• (2005) Practical Spirituality: The Spiritual Basis of Nonviolent Communication. (32 pages) ISBN 978-1892005144
  • (2005) Speak Peace in a World of Conflict: What You Say Next Will Change Your World. (240 pages) Encinitas, CA: PuddleDancer Press. ISBN 1-892005-17-4
  • (2005) The Surprising Purpose of Anger: Beyond Anger Management: Finding the Gift. (48 pages) ISBN 978-1892005151
  • (2004) Getting Past the Pain Between Us: Healing and Reconciliation Without Compromise. (48 pages) ISBN 978-1892005076
  • (2004) The Heart of Social Change: How to Make a Difference in Your World. (45 pages) ISBN 978-1892005106
  • (2004) Raising Children Compassionately: Parenting the Nonviolent Communication Way. (48 pages) ISBN 978-1892005090
  • (2004) Teaching Children Compassionately: How Students and Teachers Can Succeed with Mutual Understanding (41 pages) ISBN 978-1892005113
  • (2004) We Can Work It Out: Resolving Conflicts Peacefully and Powerfully. (32 pages) ISBN 978-1892005120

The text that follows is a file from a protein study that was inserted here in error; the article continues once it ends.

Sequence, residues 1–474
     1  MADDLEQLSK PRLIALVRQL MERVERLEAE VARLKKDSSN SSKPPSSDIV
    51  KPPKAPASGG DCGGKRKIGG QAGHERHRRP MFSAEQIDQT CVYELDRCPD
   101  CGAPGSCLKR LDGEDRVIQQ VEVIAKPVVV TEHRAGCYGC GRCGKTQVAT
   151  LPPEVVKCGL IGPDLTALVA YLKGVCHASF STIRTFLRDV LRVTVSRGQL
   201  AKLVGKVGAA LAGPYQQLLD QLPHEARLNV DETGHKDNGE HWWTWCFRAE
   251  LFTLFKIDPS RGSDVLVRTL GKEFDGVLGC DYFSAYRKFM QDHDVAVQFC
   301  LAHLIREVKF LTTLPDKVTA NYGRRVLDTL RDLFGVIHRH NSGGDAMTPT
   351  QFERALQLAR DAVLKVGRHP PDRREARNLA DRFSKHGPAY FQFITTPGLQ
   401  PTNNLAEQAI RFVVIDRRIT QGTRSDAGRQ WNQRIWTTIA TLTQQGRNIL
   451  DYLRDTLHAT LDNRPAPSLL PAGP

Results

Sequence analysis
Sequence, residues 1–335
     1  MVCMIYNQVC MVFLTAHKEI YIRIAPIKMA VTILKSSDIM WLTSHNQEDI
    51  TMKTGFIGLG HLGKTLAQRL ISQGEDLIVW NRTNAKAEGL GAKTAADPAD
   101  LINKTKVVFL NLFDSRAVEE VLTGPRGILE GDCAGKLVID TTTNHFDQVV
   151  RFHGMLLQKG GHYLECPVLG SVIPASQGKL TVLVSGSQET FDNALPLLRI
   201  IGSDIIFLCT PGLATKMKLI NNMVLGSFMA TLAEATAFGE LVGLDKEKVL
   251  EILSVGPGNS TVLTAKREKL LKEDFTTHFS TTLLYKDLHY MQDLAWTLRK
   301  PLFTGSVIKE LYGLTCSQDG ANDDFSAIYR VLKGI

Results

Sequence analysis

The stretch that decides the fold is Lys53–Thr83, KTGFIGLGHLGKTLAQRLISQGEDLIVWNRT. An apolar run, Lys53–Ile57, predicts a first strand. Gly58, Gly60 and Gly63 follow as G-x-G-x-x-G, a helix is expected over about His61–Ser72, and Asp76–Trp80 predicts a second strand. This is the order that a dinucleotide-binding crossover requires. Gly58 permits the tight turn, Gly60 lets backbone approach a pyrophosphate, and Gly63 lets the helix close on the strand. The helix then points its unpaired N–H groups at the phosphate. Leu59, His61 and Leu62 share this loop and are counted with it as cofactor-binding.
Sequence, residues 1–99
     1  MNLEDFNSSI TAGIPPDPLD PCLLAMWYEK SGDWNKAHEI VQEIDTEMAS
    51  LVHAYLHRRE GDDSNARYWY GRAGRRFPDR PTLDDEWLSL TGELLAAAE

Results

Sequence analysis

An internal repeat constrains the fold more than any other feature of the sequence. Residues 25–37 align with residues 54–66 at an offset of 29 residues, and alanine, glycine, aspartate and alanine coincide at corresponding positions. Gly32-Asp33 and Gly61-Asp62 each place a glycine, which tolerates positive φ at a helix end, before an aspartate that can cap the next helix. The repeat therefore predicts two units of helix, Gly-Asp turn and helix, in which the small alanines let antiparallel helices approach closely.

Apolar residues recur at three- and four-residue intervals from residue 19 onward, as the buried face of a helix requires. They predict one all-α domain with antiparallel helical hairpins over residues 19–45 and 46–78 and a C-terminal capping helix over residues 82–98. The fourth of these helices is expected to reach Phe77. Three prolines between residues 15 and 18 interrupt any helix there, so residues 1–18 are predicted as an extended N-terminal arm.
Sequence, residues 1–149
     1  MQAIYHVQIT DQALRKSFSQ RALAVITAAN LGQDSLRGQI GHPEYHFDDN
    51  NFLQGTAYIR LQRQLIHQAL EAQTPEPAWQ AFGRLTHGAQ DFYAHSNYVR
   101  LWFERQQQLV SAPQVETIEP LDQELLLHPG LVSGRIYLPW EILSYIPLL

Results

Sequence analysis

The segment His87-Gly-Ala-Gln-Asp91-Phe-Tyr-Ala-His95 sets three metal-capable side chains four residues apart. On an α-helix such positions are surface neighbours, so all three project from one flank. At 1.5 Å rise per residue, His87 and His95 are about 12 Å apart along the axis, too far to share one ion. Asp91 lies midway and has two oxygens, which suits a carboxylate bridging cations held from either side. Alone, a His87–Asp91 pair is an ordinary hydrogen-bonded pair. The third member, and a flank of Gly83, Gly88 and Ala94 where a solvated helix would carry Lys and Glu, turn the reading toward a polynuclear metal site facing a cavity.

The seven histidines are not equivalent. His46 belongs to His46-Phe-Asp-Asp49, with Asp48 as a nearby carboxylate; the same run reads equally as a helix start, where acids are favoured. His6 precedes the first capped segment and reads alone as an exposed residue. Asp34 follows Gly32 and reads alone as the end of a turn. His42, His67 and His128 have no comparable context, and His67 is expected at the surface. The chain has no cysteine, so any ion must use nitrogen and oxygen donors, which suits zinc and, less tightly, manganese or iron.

• (2003) Life-Enriching Education: NVC Helps Schools Improve Performance, Reduce Conflict and Enhance Relationships. (192 pages) Encinitas, CA: PuddleDancer Press. ISBN 1-892005-05-0
  • (2003) Nonviolent Communication: A Language of Life. (222 pages) Second Edition. Encinitas, CA: PuddleDancer Press. ISBN 1-892005-03-4
  • (2003) Speaking Peace: Connecting with Others Through Nonviolent Communication. (audiobook) ISBN 1591790778
  • (1999) Nonviolent Communication: A Language of Compassion. (166 pages) First Edition. Encinitas, CA: PuddleDancer Press. ISBN 1892005026
  • (1986) Duck Tales and Jackal Taming Hints. Booklet. (Out of Print)
  • (1983) A Model for Nonviolent Communication. (35 pages) Philadelphia, PA: New Society Publishers. ISBN 0865710295